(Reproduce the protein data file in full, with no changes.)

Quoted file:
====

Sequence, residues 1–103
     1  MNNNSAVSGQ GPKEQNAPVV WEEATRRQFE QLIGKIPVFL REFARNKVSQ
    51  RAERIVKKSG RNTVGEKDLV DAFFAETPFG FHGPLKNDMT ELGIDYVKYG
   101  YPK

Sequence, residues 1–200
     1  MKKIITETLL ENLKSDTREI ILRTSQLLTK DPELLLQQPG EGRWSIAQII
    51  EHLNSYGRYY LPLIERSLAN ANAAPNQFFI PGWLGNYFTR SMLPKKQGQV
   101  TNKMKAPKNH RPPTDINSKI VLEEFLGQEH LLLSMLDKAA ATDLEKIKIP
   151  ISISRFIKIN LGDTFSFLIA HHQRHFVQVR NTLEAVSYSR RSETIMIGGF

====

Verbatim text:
Sequence, residues 1–103
     1  MNNNSAVSGQ GPKEQNAPVV WEEATRRQFE QLIGKIPVFL REFARNKVSQ
    51  RAERIVKKSG RNTVGEKDLV DAFFAETPFG FHGPLKNDMT ELGIDYVKYG
   101  YPK

Sequence, residues 1–200
     1  MKKIITETLL ENLKSDTREI ILRTSQLLTK DPELLLQQPG EGRWSIAQII
    51  EHLNSYGRYY LPLIERSLAN ANAAPNQFFI PGWLGNYFTR SMLPKKQGQV
   101  TNKMKAPKNH RPPTDINSKI VLEEFLGQEH LLLSMLDKAA ATDLEKIKIP
   151  ISISRFIKIN LGDTFSFLIA HHQRHFVQVR NTLEAVSYSR RSETIMIGGF